Jumaat, 5 Ogos 2011

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10 di lahad datu - Google Blog Search

Seeing a doctor is just clicks away | Free Malaysia Today

Posted: 04 Aug 2011 05:06 PM PDT

A government clinic in Lahad Datu is quietly gaining a reputation with its high-tech facilities and online service.

LAHAD DATU: It is just an old health clinic tucked away in the vast Lahad Datu region. But step in and a vast array of high-tech facilities will greet a patient. Better still, there is no long queue to see a doctor.

For all appointments are made online. Just tap the keys on your computer at home to register your name and you will be assigned a room to see your doctor at the clinic.

In Sabah where medical and health services have come under severe attack recently, the last thing one would expect to see is a clinic complete with laboratory, pharmacy and physiotherapy units.

Outside this health clinic is a white banner carrying its message: "i-Daftar, sistem temujanji online – Segalanya di hujung jari anda" (i-Daftar, register appointments online – everything at your fingertips).

That's how the health clinic here is promoting its online doctor's appointments.

Welcome to Lahad Datu Klinik Kesihatan, a hidden sprawling patient-centric unofficial mini-hospital proudly declaring its ISO 9001 status.

The doctors and medical services are all housed inside the 60-year-old building which does not appear to have seen a coat of paint for decades.

The clinic, which began in 2002, is not a hospital, although patients often mistake it for one given its facilities.

No major advertising campaigns here, just a lot of word-of-mouth recommendations by the locals, the occasional banners and the staff's goodwill hype on social media Facebook .

Lahad Datu is a good three-and-half hour drive from Tawau, the main hub on the east coast stretch of Sabah. It's not quite where one would expect such "high-tech" facility given the fact that Sabah has a low Internet penetration rate.

I-Daftar is a service whereby patients can go online and make appointments to see resident doctors, without the hassle of queuing up and waiting.

There are nine health centres in Lahad Datu catering to a wide cross-section of people, which includes Sabah's perennial headache – immigrants.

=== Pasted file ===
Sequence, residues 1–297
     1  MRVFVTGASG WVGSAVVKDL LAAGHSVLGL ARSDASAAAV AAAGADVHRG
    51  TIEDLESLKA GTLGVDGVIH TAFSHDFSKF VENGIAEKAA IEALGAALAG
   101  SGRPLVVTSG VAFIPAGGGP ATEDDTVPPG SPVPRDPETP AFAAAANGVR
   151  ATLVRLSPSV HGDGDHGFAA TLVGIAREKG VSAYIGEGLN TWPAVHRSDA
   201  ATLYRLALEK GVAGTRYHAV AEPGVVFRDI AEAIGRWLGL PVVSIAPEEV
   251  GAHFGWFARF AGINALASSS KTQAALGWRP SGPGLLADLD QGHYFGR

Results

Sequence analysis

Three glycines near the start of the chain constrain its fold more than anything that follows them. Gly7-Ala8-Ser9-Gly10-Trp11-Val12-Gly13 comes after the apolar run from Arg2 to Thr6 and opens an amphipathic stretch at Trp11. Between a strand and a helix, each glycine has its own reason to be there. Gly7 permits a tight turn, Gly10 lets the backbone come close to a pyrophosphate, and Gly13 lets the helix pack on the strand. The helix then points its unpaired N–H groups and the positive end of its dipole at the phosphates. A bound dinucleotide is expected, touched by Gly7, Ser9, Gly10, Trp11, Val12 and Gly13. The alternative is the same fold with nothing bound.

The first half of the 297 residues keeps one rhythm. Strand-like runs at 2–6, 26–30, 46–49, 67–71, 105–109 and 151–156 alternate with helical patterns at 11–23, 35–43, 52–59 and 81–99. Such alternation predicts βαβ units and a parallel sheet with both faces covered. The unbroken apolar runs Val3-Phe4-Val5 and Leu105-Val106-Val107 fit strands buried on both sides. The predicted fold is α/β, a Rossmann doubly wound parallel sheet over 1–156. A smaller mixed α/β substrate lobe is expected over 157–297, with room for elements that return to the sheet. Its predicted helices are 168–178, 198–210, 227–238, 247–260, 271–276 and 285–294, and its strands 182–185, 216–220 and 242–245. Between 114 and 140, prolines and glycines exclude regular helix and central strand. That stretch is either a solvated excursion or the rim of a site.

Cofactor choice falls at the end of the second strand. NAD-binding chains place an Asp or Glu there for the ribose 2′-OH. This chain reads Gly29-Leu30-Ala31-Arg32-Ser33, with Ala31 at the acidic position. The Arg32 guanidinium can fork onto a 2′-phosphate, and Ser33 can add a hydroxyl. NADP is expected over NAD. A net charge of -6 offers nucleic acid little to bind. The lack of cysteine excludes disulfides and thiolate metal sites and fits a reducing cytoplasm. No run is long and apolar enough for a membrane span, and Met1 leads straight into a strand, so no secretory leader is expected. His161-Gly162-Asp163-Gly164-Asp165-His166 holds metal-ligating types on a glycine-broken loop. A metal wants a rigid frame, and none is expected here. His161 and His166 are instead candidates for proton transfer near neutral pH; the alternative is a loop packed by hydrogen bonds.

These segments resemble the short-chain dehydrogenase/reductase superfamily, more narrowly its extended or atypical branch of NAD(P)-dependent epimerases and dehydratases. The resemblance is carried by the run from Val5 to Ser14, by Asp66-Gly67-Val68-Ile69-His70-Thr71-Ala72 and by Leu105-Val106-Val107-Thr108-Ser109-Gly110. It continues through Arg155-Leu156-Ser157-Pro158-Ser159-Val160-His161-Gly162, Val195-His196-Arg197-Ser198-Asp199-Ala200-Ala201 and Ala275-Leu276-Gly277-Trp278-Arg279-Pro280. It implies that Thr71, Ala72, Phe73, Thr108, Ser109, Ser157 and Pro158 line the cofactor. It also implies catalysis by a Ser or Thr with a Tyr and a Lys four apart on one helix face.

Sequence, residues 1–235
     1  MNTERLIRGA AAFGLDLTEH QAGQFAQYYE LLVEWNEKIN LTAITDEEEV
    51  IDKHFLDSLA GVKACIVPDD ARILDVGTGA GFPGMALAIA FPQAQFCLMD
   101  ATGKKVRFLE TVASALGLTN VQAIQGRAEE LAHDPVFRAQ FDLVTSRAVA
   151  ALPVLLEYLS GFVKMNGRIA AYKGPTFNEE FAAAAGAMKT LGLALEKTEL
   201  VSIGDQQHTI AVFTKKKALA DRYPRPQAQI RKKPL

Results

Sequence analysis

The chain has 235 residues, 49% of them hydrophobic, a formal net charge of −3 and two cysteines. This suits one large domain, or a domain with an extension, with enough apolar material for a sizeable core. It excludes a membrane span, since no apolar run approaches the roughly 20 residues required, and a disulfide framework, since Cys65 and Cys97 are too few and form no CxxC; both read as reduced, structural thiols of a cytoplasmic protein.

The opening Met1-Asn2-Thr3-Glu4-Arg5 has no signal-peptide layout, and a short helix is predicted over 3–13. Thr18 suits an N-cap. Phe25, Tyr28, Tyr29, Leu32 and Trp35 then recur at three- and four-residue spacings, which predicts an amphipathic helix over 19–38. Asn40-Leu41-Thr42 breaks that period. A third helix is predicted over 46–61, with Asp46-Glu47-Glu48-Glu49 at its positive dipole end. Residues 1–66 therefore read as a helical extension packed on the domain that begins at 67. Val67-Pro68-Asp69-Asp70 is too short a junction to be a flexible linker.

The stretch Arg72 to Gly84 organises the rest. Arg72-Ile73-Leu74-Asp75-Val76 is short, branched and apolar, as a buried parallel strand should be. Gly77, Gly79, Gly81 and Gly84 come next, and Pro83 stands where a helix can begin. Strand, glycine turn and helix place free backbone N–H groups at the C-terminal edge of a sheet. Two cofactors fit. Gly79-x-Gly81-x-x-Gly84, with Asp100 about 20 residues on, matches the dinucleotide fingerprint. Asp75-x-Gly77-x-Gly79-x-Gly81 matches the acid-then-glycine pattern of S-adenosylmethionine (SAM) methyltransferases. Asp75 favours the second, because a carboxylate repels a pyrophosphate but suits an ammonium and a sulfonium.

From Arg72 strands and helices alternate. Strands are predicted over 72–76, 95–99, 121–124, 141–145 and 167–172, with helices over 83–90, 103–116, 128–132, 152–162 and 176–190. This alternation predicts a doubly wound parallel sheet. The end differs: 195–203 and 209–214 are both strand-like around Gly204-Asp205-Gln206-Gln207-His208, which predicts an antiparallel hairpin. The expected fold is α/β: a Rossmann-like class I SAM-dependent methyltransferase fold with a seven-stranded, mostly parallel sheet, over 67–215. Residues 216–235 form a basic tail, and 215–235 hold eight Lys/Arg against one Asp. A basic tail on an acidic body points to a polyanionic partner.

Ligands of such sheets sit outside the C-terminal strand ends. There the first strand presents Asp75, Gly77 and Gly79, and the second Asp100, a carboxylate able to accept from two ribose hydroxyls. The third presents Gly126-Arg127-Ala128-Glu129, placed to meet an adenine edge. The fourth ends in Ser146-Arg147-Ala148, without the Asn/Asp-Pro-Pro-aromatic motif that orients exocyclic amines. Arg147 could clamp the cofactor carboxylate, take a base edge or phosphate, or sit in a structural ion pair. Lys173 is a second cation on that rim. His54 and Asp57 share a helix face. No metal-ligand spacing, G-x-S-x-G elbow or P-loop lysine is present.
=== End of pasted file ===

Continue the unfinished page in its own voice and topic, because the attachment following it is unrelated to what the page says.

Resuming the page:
Lahad Datu is a famed entry point for immigrants from the Philippines and Indonesia.

It is also rumoured to be a hot spot for vice, militant activities, kidnappings and hijackings.

Cutting wait time

According to Lahad Datu clinical administrator and health officer, Dr S Dhesi Baharaja, the newly introduced online system to register appointments has reduced the waiting time for patients.

"This was our main priority when we embarked on this project.

"We see more than 980 patients a day. Before we introduced i-Daftar, patients had to wait 15 to 20 minutes to see the doctor, sometimes longer.

"But now, they wait for seven minutes or less," he said, adding that reducing the waiting time was one of the Health Ministry's KPI (Key Performance Index) for hospitals and clinics.

Describing the process of making a doctor's appointment online, Dhesi said: "It's like an AirAsia booking.

"You can choose your date and time and even the treatment room. We have four treatment rooms.

"When checking online patients, we can see which treatment rooms are busy and which ones are not.

"It's all simple. There is no queuing. The process takes less than a minute to fix an appointment.

"The system is available for outpatients and mother and child unit," he said, claiming that the system is the first in Sabah and in the country.

Fewer default cases

Introduced in June 2011, i-Daftar, according to Dhesi, has caught on quickly despite initial fears that the service was too "high-tech" for a place like Lahad Datu, which is also home to the rolling savannah-styled Palm Oil Industrial Cluster (POIC) and the panoramic Felda Sahabat scheme.

"We're seeing fewer default cases. And for us that's a very good sign.

"In the past we had patients who were constantly defaulting on their follow-ups and it affected their health, especially patients suffering from diabetes and hypertension.

"When they finally come back for an appointment, their health has deteriorated and we now need to deal with other medical problems which could have been avoided in the first place.

"These are the cases that we are most concerned about.

"Our past records show a high rate of default on follow-up appointments by patients.

"But since introducing the online system, we have seen an improvement in patients meeting their appointments.

"And even if they decide to change the appointments due to some other commitments, they can still do this without any hassle," he said, adding that patients are now better managing the medications.

The changes have brought about a renewed respect for the clinic's services.

These days, there's little rumbling of discontent from patients waiting their turn.

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